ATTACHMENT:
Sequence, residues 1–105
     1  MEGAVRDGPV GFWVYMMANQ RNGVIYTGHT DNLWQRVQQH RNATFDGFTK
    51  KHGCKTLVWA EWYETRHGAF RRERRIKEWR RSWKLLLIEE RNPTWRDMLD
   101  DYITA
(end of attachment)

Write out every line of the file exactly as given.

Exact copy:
Sequence, residues 1–105
     1  MEGAVRDGPV GFWVYMMANQ RNGVIYTGHT DNLWQRVQQH RNATFDGFTK
    51  KHGCKTLVWA EWYETRHGAF RRERRIKEWR RSWKLLLIEE RNPTWRDMLD
   101  DYITA